I hope that this trip in time was interesting to you. Let's take another pause to imagine what life looked like in this Lusatian settlement three thousand years ago, when the  houses were full of families guarded by the watchtower on the horizon.


Saturday, 2 December 2017

Archaeological museum in Biskupin (Part 1 - Neolithic long houses)


I will take you today to a unique place that every Polish child learns about at school. Biskupin is a small village where human settlements existed for the last twelve thousand (!) years. It is the most important archaeological site in the country. It is so amazing, that it deserves more than one post. You will not regret it, I promise. So ladies and gentleman - welcome to the Archaeological Museum in Biskupin.


Biskupin lies in the Wielkopolska region. Humans were living here for several thousand years. Therefore, it is possible to visit here villages from different periods.


We will start with a visit to the neolithic village where people lived some six thousand years ago.


They have lived in Biskupin in so-called long houses.


These are called long houses because, not surprisingly, they were up to thirty meters long.


They had the shape of a large trapezium, with the longer edge on the South part, where the main entrance was. This allowed to bring sunlight and warmth into the house.


Inside, the house was really large.


The little holes in the walls allowed to lit the place up. In winter time they were filled with straw to insulate from wind and cold.


On the other hand, the large holes in the floor were used as fridges. They would be covered with earth and experiments show that the temperature in such a neolithic fridge would be close to that in modern fridges we have in our houses.


What is interesting, archaeologists have found in the long houses pieces of ceramics but not fireplaces.


Neolithic humans were sleeping on beds made of branches and grass. Surprisingly comfortable.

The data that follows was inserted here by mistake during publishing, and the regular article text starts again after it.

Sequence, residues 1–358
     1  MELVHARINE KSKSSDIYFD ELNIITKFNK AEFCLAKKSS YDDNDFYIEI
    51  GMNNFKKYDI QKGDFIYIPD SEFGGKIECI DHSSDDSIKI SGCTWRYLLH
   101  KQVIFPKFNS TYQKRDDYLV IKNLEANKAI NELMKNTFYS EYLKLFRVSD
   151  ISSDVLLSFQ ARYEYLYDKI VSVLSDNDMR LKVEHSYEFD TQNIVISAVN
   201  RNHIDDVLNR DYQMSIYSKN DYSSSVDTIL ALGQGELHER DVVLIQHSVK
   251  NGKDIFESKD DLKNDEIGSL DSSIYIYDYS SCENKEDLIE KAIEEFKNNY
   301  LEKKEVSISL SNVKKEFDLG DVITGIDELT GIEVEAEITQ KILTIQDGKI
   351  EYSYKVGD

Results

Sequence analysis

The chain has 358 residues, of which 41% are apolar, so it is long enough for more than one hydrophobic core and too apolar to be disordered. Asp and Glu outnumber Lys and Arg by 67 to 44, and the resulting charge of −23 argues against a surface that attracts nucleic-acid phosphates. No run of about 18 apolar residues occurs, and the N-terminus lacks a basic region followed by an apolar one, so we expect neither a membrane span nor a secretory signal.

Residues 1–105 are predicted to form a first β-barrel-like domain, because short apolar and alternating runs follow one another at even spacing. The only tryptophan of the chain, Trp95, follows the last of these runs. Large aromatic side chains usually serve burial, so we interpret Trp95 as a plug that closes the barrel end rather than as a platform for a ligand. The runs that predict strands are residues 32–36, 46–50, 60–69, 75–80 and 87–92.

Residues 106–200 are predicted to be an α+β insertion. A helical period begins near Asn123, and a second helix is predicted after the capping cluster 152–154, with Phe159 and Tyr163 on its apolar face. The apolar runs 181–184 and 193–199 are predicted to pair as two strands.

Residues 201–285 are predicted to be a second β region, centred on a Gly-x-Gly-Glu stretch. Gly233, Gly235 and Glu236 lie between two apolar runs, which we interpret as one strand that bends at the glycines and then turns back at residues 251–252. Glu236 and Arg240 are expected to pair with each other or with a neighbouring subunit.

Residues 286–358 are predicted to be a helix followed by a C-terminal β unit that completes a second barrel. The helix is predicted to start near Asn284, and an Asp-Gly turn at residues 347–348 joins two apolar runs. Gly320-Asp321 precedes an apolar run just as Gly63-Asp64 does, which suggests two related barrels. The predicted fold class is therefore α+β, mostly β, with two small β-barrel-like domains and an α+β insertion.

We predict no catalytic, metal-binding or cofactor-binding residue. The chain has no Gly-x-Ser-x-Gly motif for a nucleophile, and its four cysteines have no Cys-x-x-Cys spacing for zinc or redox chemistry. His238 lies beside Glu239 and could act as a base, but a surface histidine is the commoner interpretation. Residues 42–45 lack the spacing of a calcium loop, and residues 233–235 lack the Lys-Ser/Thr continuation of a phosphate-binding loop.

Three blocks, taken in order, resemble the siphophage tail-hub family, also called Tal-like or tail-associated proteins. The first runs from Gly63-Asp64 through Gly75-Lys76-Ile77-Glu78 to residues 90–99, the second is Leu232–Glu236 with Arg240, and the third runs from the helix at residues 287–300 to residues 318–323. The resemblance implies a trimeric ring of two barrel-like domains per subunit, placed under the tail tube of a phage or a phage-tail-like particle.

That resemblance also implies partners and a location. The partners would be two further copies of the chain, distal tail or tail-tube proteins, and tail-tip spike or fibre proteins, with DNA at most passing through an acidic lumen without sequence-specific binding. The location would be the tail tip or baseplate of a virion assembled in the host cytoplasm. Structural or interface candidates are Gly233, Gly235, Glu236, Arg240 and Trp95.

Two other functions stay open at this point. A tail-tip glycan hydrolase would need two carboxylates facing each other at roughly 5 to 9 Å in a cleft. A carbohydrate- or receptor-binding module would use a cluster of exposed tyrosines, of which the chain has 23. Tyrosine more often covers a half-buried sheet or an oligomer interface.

And pretty warm if you would cover yourselves with animal furs.


You could also try to weave some linen clothes on those prehistoric looms.


Neolithic humans were hunters and farmers. When they were out of their long houses, they would stay in huts.


They could keep there also their fishing equipment.


What I found interesting is that they were fishing in boats made out of a single trunk of a tree, in which they would pick a whole to sit in.


If you are curious why the neolithic people have chosen Biskupin for their settlement, the main reason is actually water. Or more precisely this spring, which used to be the source of drinking water for inhabitants of Biskupin over severeal millenia. Many of them believed it to be a sacred place as well. So why don't we stop here today to meditate and feel the connection with the nature and our ancestors.


Kites' festival

I must tell you honestly that I am not a huge fan of autumn. When it gets dark and windy, my motivation to travel falls significantly and all I dream of is a warm blanket and a bucket of hot water.


But some humans manage to turn the biggest disadvantes of autumn into an opportunity for good fun. Windy autumn is the best time for a kite festival! If you want to play with kites, especially in a bigger group, you need space. A large field will be best.


First, the kites will pass by a jury who will assess the construction and the decorations. The two most popular shapes are a hexagon and a diamond.


Some participants prepared decorations which are cute and funny, like those smiling vegetables.


 Others decided to scare their opponents. Pirates of the air, ahoy!


Personally, I liked a lot this rose in a pot.


Finally, the jury calls the participants to move on their marks. The kites will fly on long string. They also have a tail, usually decorated with bows and fans.


 All participants are aligned in a row, ready to launch the kites.


And here they go!


I think that I know who might win this race, just look at this one, flying soooo high.


 In the end, windy autumn does offer some reasons to go outside.